Today’s workplace has one constant—change. The technologies used to communicate, store information, and perform work are continually evolving, presenting companies with new legal challenges at every turn. Our focus and passion for the past several years has been helping companies navigate these challenges and protect their most important assets: their brand, culture, and sensitive company information. We decided that it was time to have a broader dialogue about the legal challenges technology presents to the modern workplace and to take that discussion online.
Our goal is to keep you informed on current events, developments in the law, and the ever-changing landscape of technology in the workplace. In fostering discussion on these topics, we hope to help increase our collective understanding on how best to address the challenges faced where the workplace, law, and technology meet.
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As the Chair of Fredrikson & Byron’s Trade Secret and Non-Competes Groups, my practice has increasingly focused on issues arising from the impact of technology use in the workplace – both in my work advising clients on trade secret protection and social media, and when litigating employment and non-compete disputes. I work with clients in many industries, including health care, mental health, disability and aging services, IT consulting, staffing, education, and manufacturing. Each of these industries is impacted in some way by the ever-increasing reliance on technology by employees in their personal and professional lives.
Outside of the office, I enjoy spending down time with my two children and husband, cooking with good friends, skiing or hiking in the Colorado mountains, and savoring good wine and coffee.
As an employment law shareholder at Fredrikson & Byron, almost every employee issue I handle for clients relates in some way to employee use (or misuse) of technology. This is true whether I am advising clients on how to prevent theft of trade secret information or how to discipline or terminate an employee because of their social media activity. Just as in our personal lives, technology impacts every aspect of employees’ work lives. And the law is only starting to catch up.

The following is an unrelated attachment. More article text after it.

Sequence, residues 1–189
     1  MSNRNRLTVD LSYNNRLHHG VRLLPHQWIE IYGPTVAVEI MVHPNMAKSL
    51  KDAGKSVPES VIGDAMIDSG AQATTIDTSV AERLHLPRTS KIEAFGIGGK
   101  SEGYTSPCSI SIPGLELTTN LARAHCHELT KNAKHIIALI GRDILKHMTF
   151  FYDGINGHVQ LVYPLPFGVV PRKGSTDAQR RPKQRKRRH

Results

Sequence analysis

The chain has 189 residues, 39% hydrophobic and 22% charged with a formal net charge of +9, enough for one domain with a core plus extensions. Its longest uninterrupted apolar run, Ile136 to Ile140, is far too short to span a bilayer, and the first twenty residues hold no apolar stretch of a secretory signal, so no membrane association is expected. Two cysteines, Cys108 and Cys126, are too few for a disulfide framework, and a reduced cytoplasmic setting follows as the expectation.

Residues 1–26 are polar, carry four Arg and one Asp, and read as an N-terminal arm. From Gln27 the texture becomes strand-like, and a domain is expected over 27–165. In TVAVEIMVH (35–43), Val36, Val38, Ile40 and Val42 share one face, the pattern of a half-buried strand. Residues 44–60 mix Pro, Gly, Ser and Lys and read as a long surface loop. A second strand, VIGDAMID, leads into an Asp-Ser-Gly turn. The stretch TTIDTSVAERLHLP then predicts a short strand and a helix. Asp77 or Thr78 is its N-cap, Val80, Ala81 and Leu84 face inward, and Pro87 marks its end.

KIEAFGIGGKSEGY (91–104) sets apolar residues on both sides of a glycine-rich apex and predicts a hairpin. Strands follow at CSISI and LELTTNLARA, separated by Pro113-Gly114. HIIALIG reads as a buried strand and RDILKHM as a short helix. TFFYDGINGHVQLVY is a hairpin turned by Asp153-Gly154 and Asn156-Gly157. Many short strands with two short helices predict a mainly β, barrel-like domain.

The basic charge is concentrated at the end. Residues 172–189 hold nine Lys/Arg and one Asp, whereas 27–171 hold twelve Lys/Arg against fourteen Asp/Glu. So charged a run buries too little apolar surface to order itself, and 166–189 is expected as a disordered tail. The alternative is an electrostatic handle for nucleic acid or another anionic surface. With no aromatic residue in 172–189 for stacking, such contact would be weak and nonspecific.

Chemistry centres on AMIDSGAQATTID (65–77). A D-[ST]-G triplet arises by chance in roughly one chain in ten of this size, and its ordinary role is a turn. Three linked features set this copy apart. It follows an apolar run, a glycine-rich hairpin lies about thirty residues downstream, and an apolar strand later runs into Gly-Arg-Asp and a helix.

Outside of my work as an attorney, I am a busy mother of two, a Wisconsin native, and an avid cook and gardener.
As a shareholder in Fredrikson & Byron’s Business Litigation department specializing in data protection, a key part of my practice is helping clients prevent, identify, and respond to data theft. To that end, I utilize a “litigator’s perspective” to assist clients in developing robust data protection practices that help minimize the risk of data theft while placing my clients in the best position for litigation in the event of such theft. Should data theft occur, I represent clients in court proceedings to recover the stolen information and hold the offending party accountable.
After a stint as a lawyer in New York City, I returned to Minneapolis and happily set down roots. I now spend my time outside of the office chasing around an active four-year old—preferably in the outdoors.
As a former security analyst, I have a unique perspective on the threats that companies face from both internal and external forces. Prior to becoming an attorney, I worked in defense consulting, assisting the United States Department of Homeland Security and intelligence community. As a lawyer, my practice focuses on trade secret protection, risk mitigation, and employment litigation. Within this practice, I leverage my security background to protect my clients and to prevent threats before they occur.
After several years on the east coast, I am happy to be back in south Minneapolis. I enjoy the outdoors and spending time with my wife and daughter.